SARASOTA, Fla. -- Left-hander Joe Price said that he agonized over the decision, but eventually decided a Rochester Red Wings contract was better than none. He notified the Baltimore Orioles yesterday that he would sign and report to Twin Lakes Park in time for tomorrow's workout.
Price had been cleared Thursday by the Player Relations Committee and the Major League Players Association to re-sign with the Orioles, but the PRC would not waive a rule that prevents him from pitching for the club at the major-league level before May 1.
The Orioles had petitioned the PRC to waive that clause of the Basic Agreement, which affects free agents who were not offered arbitration by their original clubs. Price did receive permission to sign the minor-league contract, but initially balked at the notion of spending the first three weeks of the regular season at the Class AAA level.
"If I want to play baseball, these are the rules I have to live with," said Price, whose chronic lower back injury apparently frightened away potential employers. "The thing that disappoints is the system. Here is something in the Basic Agreement that actually hurts a player. It's there to help most players, but it doesn't help the middle-of-the-pack players."
He will, however, be allowed to report to camp and work out with the major-league club, and is expected to arrive in Sarasota tonight.
Price also agreed to terms on an incentive-laden deal that will go into effect when he joins the major-league club. No terms were disclosed, but he said that he can improve on last year's $400,000 in salary and incentives if he appears in as many games as he did in 1990.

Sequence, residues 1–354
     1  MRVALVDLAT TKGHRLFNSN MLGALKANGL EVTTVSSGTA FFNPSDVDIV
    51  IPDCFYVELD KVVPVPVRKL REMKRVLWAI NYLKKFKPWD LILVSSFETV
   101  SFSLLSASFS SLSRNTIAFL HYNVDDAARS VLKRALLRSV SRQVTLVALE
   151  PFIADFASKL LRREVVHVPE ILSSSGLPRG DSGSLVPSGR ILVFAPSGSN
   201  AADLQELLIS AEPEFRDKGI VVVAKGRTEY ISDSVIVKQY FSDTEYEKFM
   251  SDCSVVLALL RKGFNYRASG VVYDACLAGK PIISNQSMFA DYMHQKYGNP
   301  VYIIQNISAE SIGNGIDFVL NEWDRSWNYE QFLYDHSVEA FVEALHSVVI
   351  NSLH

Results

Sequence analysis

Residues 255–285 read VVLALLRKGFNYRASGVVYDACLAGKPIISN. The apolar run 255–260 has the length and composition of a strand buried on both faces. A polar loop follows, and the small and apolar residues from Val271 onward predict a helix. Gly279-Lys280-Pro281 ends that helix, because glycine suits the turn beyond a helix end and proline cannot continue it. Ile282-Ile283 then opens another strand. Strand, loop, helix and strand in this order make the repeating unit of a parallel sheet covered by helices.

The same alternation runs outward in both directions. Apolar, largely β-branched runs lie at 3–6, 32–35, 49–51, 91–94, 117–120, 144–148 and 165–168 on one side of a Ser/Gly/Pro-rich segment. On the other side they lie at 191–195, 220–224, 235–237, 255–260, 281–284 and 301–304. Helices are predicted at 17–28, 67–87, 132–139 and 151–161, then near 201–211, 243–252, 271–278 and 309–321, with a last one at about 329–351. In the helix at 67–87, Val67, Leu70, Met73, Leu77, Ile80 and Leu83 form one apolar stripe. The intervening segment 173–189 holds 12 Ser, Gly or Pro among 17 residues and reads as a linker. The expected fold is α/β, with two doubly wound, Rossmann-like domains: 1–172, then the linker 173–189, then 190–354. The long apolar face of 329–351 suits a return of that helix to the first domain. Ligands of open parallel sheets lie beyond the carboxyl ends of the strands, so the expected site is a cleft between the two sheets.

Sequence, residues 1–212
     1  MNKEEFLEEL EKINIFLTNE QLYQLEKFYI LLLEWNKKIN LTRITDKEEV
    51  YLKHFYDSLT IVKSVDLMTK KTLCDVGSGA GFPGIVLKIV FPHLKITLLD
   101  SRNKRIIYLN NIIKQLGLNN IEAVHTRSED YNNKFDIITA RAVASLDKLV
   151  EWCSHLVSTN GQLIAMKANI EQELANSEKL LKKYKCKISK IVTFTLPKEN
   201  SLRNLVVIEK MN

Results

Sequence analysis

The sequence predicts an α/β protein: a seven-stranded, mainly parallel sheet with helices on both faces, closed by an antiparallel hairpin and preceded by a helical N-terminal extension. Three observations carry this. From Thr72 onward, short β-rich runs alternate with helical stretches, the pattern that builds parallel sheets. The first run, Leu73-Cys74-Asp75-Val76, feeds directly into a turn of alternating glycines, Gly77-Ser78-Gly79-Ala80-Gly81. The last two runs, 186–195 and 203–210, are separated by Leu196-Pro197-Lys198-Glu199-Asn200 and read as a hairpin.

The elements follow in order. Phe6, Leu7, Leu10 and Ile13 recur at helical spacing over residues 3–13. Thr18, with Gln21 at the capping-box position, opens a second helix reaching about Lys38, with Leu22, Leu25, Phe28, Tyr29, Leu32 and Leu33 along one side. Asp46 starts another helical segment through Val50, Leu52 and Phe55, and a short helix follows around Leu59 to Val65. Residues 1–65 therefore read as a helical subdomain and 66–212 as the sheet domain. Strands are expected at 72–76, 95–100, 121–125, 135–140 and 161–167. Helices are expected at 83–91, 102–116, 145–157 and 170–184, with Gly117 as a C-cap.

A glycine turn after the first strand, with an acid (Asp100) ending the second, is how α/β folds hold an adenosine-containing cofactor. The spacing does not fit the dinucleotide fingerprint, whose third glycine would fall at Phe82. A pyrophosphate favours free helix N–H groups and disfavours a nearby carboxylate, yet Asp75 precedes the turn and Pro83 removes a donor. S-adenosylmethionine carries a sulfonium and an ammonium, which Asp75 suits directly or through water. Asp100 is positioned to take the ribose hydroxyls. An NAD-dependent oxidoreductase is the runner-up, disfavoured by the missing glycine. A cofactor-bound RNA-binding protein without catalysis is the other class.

The Orioles could offer no guarantee that Price will be recalled May 1, but the club remains short on left-handed pitching.
"Roland Hemond told my agent that, although he couldn't guarantee anything, the club really hadn't done anything to fill my spot," Price said. "I don't think that will be a problem. I think that if I'm pitching well, there really won't be much choice to make.
"It's only a month. I don't think I have anything to prove. I don't see myself being down there very long."
The signing brought an end to a frustrating off-season for Price, who was 3-4 with a 3.58 ERA in 50 appearances for the Orioles last year. The club held a $400,000 option on his contract for 1991, but declined to exercise it, citing the disk injury that forced Price onto the 15-day disabled list in July.
The club tried to persuade Price at the time to accept a lower base salary and a bigger incentive package, but he chose to test the free-agent market. As it turned out, he would have been far better off taking the original Orioles offer.
"I actually told my agent [Thursday] night to tell them I would be there, but my son made me feel better about the decision," Price said. "I was getting him ready for school and I told him: 'Ryan, I don't like having to make this decision. I'm going to have to spend a month in Triple-A, and that means I'll be away from you for a month.' He said, 'Well, a month isn't that long.' Given all the time I've invested in this game, if all it's going to take is a month, I can handle that.
"You don't have to like it, but I'm not going to come in with the wrong attitude. Life's too short for that."
The arrival of Price gives the club one more option in the bullpen. The Orioles are giving Kevin Hickey a shot at one of the setup roles and are auditioning Mike Flanagan and Dan Boone for a long-relief job.
"Joe Price has nothing to prove," said Hickey. "He did a good job for us last season, and he's been pretty successful over the past 10 years. It's a shame that he had a bad back, and that hindered him enough that they had doubts."
Left-handed pitching depth remains a matter of some concern, but manager Frank Robinson was pleased to hear that more help is on the way.
"That's just one more experienced left-hander," he said. "We have a lot more qualified candidates than we had a couple of months ago."